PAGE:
In our age of online marketing, marketers have access to mountains of data. Pageviews, clicks, conversion, social shares…the list is endless. That doesn’t even account for the demographic data marketers collect and interpret every day.
These analytics have enabled marketers to access a more comprehensive report of campaign performances and in-depth view of buyer personas. Armed with these insights, marketers are able to refine their campaigns, improve forecasts, and advance their overall strategy.
Big Data also enables targeted marketing, a crucial component of today’s online strategy. You know those eerily accurate advertisements on your Facebook page? You can thank Big Data for that.
Analytics have unlocked enormous potential for marketers to better create, execute, and forecast campaigns. As a result, Boston has boomed with organizations entirely devoted to providing data-driven marketing solutions. HubSpot and Jumptap have emerged as leaders in this space, raising about $2.5 billion combined. Attivio, Visible Measures, DataXu are also leading marketing solutions providers.
It shouldn’t surprise that healthcare represents a top industry in Boston’s Big Data ecosystem. The healthcare industry collects and analyzes enormous volumes of clinical data on a daily basis. Partners Healthcare alone has some two billion data elements from over six thousand patients, according to the Massachusetts 2014 Big Data Report.
Big Data’s impact can be seen first and foremost with the electronic health record. Big Data has launched the electronic health record into the twenty-first century, revolutionizing patient care, and empowering the success of companies like athenahealth based in Watertown.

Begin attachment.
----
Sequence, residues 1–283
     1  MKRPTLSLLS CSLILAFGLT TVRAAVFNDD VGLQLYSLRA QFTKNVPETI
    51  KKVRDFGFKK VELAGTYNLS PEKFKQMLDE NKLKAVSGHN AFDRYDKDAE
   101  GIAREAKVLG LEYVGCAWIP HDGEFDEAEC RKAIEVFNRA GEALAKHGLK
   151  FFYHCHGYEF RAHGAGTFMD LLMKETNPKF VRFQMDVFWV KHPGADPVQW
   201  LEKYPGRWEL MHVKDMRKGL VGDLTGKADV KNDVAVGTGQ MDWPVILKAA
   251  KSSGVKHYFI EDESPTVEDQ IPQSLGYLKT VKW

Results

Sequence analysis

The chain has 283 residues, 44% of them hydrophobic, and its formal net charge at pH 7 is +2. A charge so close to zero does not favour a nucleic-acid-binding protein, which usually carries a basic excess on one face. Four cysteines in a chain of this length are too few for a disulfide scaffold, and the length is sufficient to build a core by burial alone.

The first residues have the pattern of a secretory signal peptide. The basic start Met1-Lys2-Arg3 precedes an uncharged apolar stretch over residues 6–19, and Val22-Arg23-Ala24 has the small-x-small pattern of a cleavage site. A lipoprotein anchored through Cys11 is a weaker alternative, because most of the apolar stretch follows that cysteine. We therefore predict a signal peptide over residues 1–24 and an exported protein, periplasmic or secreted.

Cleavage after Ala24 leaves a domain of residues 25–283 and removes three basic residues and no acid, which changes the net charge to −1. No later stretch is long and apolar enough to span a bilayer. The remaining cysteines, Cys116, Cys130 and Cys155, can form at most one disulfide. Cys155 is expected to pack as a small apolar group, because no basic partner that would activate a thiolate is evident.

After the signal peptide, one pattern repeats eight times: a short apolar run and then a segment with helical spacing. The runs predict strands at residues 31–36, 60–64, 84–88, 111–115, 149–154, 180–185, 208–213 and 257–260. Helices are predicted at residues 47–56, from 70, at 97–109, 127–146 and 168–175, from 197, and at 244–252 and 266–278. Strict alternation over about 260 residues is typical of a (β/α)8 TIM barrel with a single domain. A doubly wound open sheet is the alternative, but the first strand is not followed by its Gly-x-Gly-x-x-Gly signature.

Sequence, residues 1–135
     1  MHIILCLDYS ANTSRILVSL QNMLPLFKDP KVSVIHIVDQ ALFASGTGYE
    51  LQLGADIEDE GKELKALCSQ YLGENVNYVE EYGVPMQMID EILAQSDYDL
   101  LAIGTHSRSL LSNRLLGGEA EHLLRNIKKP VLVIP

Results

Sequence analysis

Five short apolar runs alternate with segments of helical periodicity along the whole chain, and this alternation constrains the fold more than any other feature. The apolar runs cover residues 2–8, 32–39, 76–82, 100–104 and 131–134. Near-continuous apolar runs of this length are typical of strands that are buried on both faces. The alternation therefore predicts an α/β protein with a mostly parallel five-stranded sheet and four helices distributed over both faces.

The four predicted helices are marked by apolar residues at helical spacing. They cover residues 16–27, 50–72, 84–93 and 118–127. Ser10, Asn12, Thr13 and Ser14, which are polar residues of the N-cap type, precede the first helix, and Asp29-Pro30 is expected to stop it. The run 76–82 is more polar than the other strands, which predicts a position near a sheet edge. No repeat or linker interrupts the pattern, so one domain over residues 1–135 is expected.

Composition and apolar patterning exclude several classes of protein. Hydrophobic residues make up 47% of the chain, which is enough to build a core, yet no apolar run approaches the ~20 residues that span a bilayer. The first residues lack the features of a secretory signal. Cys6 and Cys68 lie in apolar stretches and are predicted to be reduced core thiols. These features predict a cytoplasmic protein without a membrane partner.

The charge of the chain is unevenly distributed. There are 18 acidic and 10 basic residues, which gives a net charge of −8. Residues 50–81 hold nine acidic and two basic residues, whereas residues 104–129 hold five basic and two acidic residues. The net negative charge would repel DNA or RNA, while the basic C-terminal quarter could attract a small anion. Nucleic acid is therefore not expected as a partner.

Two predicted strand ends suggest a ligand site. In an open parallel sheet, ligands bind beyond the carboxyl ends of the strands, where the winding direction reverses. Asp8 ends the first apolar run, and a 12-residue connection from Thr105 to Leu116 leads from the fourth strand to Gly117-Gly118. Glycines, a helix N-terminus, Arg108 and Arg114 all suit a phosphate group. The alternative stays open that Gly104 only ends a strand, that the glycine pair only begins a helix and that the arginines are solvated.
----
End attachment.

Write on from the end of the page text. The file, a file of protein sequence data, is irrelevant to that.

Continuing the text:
“The meaningful use of electronic health records is key to ensuring that healthcare focuses on the needs of the patient, is delivered in a coordinated manner, and yields positive health outcomes at the lowest possible cost,” the report said.
The space has expanded even more since Massachusetts passed legislation requiring all providers to adopt electronic health records and connect to the health information exchange, Mass HIway in 2012.
The Shared Health Research Informatics Network (SHRINE) is another local innovation linking five hospitals (Beth Israel Deaconess Medical Center, Children’s Hospital Boston, Brigham and Women’s, Massachusetts General Hospital and the Dana Farber Cancer Center) in a centralized database to improve efficiency and quality of care.
After genomic data and patient data from electronic medical records, medical devices like pacemakers or a Fitbit, for example, are the fastest-growing sources of healthcare data. All of these rich sources of information can – and are – being leveraged by Boston healthcare providers to improve care and lower costs.